The next day, Ali hits the recording studio. If you have a sensitive stomach, you might should turn away now. Dina-saur sits down with some record label execs. Record exec guy tells Dina-saur Ali needs to remain focused while recording because she won't be able to rest on her fame and "talent" (his words, not mine). He says Ali will be under a time crunch and under a microscope because they this record to kickstart her career.
Dina-saur goes into Mom Mode, reminding them that Ali's only 14 years old, though her amazing "talent" (again, her words, not mine) sometimes blinds people to that fact. She suggests they need to find a balance between Ali's "talent" and her youth. In short, they'll need to take it as given that Ali will have freak outs, asthma attacks, and tantrums when she discovers that the unduly seductive croaking she calls singing isn't really that easy on the ears. Dina-saur says they'll put out a great album if they find that "balance." Record exec guy gives Dina-saur a "Bitch, please" face.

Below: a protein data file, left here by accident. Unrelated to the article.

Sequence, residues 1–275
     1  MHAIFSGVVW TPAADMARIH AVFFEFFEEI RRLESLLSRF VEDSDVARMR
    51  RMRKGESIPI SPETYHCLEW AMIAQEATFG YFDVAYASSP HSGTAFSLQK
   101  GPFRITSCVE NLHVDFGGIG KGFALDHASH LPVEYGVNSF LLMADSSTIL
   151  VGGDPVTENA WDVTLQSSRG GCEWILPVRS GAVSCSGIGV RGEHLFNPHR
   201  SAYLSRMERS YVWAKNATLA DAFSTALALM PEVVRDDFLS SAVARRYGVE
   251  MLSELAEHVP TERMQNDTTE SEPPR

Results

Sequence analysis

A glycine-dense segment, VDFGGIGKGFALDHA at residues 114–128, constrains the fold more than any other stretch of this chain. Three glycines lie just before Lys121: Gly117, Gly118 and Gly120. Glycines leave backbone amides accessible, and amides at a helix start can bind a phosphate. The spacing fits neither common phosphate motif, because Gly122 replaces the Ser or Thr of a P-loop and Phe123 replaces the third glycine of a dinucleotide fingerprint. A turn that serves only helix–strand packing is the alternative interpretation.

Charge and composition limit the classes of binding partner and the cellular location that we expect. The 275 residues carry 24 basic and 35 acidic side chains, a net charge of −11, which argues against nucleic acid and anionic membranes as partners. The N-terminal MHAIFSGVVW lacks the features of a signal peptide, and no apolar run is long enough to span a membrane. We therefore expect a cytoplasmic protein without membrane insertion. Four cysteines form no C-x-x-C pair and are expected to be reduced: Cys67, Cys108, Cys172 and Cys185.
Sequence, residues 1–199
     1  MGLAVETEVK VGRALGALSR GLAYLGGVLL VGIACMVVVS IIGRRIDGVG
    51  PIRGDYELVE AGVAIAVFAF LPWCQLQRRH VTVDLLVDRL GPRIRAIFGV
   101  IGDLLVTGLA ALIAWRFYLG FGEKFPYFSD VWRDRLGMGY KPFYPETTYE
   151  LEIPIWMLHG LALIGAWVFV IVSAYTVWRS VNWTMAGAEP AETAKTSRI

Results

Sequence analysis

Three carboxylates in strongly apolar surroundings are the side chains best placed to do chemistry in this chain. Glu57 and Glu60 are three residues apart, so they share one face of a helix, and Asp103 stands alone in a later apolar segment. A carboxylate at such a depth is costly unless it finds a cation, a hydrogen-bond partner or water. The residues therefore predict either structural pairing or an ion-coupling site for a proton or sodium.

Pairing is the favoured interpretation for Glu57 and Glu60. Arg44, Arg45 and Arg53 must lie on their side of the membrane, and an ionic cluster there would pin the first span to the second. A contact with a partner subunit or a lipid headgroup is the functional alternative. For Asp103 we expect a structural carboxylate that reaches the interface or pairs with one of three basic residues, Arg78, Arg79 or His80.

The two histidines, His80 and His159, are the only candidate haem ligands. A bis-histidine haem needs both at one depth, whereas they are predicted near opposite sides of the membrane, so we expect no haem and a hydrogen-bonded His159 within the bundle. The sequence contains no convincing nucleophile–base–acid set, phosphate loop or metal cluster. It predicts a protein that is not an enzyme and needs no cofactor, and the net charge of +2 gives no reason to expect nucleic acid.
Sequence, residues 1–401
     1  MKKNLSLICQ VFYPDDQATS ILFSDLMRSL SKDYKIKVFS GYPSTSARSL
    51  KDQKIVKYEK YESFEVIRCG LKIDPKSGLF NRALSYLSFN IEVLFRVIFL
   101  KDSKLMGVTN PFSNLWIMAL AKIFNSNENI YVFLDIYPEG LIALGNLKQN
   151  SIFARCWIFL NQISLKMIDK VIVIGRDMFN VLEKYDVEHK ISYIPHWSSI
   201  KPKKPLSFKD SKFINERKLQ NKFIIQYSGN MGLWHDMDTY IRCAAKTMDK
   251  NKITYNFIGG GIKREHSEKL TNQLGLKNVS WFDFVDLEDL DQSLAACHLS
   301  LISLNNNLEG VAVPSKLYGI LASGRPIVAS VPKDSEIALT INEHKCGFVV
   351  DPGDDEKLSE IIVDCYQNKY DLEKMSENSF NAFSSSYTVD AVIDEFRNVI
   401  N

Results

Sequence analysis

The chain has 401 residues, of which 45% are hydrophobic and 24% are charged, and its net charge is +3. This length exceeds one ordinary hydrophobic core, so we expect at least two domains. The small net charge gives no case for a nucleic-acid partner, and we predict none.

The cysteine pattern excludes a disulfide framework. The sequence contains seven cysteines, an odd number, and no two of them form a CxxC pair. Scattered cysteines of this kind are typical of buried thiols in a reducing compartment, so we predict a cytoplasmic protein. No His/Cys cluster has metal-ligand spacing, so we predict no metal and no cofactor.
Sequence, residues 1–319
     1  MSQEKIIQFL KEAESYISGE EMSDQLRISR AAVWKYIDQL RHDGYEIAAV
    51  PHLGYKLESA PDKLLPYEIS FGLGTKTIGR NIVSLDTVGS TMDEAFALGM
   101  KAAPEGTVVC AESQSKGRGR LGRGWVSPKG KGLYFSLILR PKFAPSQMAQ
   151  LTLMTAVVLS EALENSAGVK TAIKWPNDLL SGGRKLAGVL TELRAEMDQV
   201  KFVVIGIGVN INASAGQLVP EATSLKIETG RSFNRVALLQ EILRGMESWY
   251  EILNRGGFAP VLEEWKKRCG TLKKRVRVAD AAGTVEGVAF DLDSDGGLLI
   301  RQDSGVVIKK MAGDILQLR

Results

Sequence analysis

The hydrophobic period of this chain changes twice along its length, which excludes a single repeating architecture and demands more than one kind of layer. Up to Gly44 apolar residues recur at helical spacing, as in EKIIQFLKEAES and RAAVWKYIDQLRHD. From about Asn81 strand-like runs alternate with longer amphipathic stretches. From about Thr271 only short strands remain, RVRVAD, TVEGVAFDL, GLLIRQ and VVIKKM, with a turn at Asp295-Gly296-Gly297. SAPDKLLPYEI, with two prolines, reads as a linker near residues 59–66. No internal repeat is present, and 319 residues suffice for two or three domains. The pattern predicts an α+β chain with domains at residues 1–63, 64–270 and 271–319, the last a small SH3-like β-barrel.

Meeting adjourned, Dina-saur joins Ali to go over their game plan. Ali reveals that she criticizes herself a lot. She knows she faces stiff competition and will have to be practically perfect to make it. Of course, that doesn't account for the prolonged success of, say, David Hasselhoff (in Germany), but I'll let it slide. Dina-saur tells Ali to be herself. Eman fires up the sound board while I wonder how Ali being herself (a vapid 14-year-old prima donna) is going to translate into chart topping hip-hop jams.
Shots of slot machines convey the gambling motif as we discover whether Ali will hit the jackpot with only her inferior talent as ante. Ali practices her first track with the piano, gets the go-ahead from Eman, and heads into the booth. Dina-saur then pulls a reverse Archuleta, explaining that she leaves the room during the recording sessions because she trusts the producer's judgment.
An overproduced synth jam fills my speakers as Ali proceeds to sing in a faux husky, uniformly flat tone. She beats the producers to the punch with some fishing self-criticism. She cops to some nerves since "it's been a long time since [she] was in the studio." On the second take, though, she really emotes and even throws in a "Yeah" to make the end of the first verse really pop. Rounds of applause and a shower of compliments ensue. She moves to another part of the song with some tricky note jumps, and, oh... it's rough. She squeaks some unintended sharps, then cuts herself down. The producers tell her to stop criticizing herself. Mainly, though, because time is money, and her self-flagellation is eating it up.